Claims of torture by CIA justify investigation

While most of us were going to class on Aug. 24, U.S. Attorney General Eric Holder appointed a special prosecutor, John Durham, to investigate allegations of abuse of detainees that were in the CIA’s custody. Declassified documents refer to cases when detainees were threatened with harm to their families if they did not cooperate and cases when detainees were put through fake executions to frighten them. As it stands now, Durham is only authorized to investigate allegations of abuse of detainees, nothing more. Durham is not authorized to look into the legal justification for water boarding, sleep deprivation and other “enhanced interrogation techniques.”

Holder should be applauded for his efforts to investigate serious claims of abuse. Clearly this kind of treatment of people, even if they are our enemies, is unacceptable by American standards of decency and respect.

It is unfortunate that the White House has not been more supportive of possible investigations into the treatment of detainees under the previous administration. When asked by members of the media, Press Secretary Robert Gibbs has said President Barack Obama wants to move forward. Moving forward is all fine and good, but the allegations that have arisen out of places like Guantanamo Bay and Baghdad Central Prison (formally known as Abu Ghraib) demand attention and investigation, whether by Congress or the Justice Department.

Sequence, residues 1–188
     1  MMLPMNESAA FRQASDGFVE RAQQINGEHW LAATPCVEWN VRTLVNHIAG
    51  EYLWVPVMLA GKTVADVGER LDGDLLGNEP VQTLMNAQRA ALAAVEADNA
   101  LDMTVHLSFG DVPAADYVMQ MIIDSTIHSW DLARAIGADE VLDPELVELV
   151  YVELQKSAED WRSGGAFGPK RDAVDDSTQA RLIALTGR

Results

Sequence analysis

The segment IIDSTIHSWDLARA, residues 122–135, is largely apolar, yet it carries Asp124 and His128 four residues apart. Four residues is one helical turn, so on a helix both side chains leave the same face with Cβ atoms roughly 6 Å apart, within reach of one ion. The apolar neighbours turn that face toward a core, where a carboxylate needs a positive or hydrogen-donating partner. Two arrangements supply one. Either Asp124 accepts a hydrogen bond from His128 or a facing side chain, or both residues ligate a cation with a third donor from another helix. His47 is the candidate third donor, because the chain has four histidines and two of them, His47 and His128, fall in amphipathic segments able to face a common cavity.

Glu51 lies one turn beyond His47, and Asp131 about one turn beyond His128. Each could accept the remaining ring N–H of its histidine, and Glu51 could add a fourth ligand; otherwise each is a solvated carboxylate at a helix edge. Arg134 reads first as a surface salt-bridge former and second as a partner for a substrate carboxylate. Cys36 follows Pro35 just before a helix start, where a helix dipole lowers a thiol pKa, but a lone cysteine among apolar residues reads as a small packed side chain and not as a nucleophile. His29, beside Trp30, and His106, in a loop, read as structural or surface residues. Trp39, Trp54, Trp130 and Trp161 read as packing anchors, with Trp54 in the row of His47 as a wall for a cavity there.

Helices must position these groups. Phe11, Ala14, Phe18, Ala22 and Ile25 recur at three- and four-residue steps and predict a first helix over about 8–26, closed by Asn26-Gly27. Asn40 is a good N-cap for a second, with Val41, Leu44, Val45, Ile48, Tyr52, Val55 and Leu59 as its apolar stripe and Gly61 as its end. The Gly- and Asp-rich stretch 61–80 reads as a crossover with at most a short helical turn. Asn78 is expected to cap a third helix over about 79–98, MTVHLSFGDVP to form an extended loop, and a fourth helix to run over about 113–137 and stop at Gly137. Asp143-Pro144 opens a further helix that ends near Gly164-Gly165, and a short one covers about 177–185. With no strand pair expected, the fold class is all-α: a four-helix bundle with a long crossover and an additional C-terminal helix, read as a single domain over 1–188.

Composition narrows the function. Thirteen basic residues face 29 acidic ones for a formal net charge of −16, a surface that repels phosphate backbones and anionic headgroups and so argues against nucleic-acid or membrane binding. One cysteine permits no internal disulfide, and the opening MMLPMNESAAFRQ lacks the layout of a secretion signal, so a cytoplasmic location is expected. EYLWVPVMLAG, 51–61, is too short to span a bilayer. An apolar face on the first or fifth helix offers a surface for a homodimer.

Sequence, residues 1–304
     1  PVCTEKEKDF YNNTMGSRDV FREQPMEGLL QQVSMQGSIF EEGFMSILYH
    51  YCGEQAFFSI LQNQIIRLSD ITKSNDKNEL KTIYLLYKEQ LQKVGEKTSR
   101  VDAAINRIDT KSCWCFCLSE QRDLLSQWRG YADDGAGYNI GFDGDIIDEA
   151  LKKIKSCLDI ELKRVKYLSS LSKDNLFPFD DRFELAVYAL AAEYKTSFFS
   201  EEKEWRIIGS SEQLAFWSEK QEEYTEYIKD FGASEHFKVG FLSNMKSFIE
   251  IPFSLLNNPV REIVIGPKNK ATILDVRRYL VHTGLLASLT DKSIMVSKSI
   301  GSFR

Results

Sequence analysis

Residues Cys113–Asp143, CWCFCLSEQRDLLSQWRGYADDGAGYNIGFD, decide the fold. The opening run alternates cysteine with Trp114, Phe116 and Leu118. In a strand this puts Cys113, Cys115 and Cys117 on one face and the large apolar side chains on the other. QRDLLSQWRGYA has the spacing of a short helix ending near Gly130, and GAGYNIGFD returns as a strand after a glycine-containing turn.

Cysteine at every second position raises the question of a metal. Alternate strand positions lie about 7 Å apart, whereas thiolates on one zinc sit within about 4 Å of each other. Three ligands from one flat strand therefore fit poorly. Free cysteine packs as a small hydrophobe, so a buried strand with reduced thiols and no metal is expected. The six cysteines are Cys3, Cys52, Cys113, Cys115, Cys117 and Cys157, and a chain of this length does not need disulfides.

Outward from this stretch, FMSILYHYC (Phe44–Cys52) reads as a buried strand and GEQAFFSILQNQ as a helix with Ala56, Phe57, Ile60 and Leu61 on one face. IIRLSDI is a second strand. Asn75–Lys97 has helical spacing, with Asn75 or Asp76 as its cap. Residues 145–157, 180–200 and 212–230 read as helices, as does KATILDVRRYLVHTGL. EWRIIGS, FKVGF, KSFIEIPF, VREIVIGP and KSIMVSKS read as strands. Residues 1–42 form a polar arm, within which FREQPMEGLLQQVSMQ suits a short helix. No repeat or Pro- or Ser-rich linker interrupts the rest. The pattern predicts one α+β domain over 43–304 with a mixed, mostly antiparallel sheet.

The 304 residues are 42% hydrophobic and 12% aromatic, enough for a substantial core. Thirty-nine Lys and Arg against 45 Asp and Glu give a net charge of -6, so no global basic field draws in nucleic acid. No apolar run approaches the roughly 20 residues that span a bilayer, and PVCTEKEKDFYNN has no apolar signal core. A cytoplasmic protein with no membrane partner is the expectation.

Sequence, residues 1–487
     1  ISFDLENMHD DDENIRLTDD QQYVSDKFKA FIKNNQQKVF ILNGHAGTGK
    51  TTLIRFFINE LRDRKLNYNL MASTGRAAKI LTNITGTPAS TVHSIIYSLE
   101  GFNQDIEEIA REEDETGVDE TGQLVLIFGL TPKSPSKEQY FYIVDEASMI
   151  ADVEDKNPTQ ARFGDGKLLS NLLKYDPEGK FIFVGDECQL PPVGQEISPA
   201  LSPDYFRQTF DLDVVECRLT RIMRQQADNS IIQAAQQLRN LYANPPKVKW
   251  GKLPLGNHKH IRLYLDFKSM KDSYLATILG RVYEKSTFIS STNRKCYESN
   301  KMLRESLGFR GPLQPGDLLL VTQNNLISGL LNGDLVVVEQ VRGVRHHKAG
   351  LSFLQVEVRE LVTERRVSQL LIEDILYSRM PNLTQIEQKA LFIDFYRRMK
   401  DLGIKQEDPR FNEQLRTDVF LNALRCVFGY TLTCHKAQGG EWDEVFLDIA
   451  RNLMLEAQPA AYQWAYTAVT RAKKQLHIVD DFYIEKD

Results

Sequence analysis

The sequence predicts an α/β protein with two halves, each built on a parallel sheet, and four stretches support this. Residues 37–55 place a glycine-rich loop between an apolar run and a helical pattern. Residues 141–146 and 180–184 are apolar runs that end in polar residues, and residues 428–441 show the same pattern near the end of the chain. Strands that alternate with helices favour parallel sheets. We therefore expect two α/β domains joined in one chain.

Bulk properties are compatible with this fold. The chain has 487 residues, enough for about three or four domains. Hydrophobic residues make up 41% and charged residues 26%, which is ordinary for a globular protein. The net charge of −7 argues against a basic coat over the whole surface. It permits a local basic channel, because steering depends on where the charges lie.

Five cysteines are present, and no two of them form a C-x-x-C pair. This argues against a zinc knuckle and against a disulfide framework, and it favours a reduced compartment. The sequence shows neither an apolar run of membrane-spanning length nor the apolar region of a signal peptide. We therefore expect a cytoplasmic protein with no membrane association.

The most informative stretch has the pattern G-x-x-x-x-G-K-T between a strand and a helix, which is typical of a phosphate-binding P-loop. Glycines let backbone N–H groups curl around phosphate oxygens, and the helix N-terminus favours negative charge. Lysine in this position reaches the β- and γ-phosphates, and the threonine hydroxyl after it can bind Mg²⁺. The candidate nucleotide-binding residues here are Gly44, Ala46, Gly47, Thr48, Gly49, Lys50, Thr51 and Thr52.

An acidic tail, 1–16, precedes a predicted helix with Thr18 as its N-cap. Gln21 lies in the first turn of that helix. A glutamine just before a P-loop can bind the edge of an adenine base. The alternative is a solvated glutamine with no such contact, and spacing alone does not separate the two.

Many members of the opposition party have said that the attorney general should not look into this ugly part of our past, even if it is in cases of abuse outside the original legal justification. Move on, they say. By investigating the CIA and other agencies, we are undermining our own security and the security of our fighting men and women, they say.

No, what has undermined our security and the security of our fighting men and women are the very acts that the opposition seeks to defend. Our enemies have used the allegations of torture and abuse as rallying cries against our country. Why should we help them by continuing to ignore these allegations?

With the severity of the allegations before Holder, now is not the time to “move forward.” Now is the time for the Justice Department to launch a full investigation into the allegations of torture and abuse of detainees and the legal justifications of such actions. If investigations lead to the prosecution of former high-ranking officials, so be it. Revisiting these unpleasant parts of our history will not be easy or quick. It is for the sake of justice, that ideal that Americans hold so dear, that the Justice Department must start a full investigation. Without one, justice will not be served, and the crimes of the past will go unpunished.

Patrick Yoxall is a freshman history major from Auburn, Ala.